Courtesy CU Presents/CSF

by Beki Pineda

LOVE’S LABOUR’S LOST – Written by William Shakespeare; Directed by Brandon Fox. Produced by the Colorado Shakespeare Festival (presented at the Mary Rippon Outdoor Theatre, CU campus) through August 8. Tickets available at 303-492-8008 or

It is generally thought that Shakespeare wrote LOVE’S LABOUR’S LOST around 1594 during a time of great personal success. His history plays and first two comedies had given him a certain degree of notoriety and security. So he decided to cut loose and enjoy himself with a somewhat original script full of the puns, quips, and word play that he (and society at the time) enjoyed. Almost like jazz, LLL is full of riffs on the ways different words can be used and misused to great effect. He will take a word and let it soar into poetry – both profound and comic. After you see this production, you will never use the word “remuneration” without smiling.

A relatively simple plot serves as the hanger upon which the language is draped. The King of Navarre (Marco Robinson) and his three buddies (Seth Dhonau, AJ Voliton, and David Derringer) take a vow to give up women for three years in the pursuit of fasting and learning for the betterment of their souls. In true sitcom fashion, all this happens just before four beautiful women from the French court show up on business. They are relegated to a camp outside the castle to which the men travel to learn their business. The inevitable happens and the vow – taken reluctantly in the first place – goes out the window. Flirtation abounds among these characters and the servants of the court until a rather surprising ending. Instead of allowing a “happily ever after” for these eight lead characters, the women are called back to the French Court upon the death of their King and now they must all wait through the year of mourning to see each other again. This unusual ending was probably a concession to the play’s first audience – the Court of Queen Elizabeth I, by then 61 and still waiting for an appropriate suitor herself.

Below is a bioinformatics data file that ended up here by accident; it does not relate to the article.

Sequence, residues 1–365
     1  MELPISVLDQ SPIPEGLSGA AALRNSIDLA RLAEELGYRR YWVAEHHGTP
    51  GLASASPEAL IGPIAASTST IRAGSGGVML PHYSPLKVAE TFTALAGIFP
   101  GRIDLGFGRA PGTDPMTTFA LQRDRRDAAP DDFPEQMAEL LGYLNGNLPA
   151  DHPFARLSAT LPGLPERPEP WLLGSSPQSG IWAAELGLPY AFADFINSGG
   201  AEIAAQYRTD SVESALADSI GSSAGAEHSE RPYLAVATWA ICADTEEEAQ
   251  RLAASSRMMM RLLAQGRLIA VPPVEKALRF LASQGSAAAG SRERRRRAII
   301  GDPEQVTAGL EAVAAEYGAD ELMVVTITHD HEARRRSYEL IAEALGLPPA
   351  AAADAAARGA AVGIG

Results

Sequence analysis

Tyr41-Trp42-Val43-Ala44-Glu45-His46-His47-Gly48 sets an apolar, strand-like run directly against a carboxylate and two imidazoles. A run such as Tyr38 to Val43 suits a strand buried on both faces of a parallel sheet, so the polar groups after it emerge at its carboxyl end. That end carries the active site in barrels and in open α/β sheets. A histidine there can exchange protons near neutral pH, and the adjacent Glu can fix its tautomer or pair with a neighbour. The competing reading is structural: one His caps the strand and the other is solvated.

Director Fox has found every instance of humor in the script and found a way for his actors to convey it to the audience. While a strong ensemble cast with each player contributing mightily to the finished product, there are standouts. Michael Bouchard as the clown Costard stops the show several times with his meandering musings on a phrase or word. Rafael Untalan plays Don Armado, the visiting Spanish knight as a pompous conceited buffoon who seeks to stop the romance between Costard and Jaquenetta (Anastasia Davidson), a beautiful dairymaid. The Princesses (Desiree Mee Jung, Brynn Tucker, Amber Scales and Aziza Gharib) bring beauty and intelligence to their performances. Scott Coopwood plays Boyet, their attendant and confidante.

One of the joys of Shakespeare is in seeing how it will be set and interpreted. This production is staged as a memory play starting after WWI when Moth (Anthony Adu), a page to Armado, returns to the overgrown and abandoned Court and remembers what it was like before the War. In his mind, he returns to the happier days which are then acted out, until he once again dons his military backpack and moves on. The Edwardian period in England suits the light-hearted fun of the script and enhances its dream-like qualities. It also makes us wonder what happened to the young people who were so carefree then. Where are they now?

A WOW factor of 8.5!!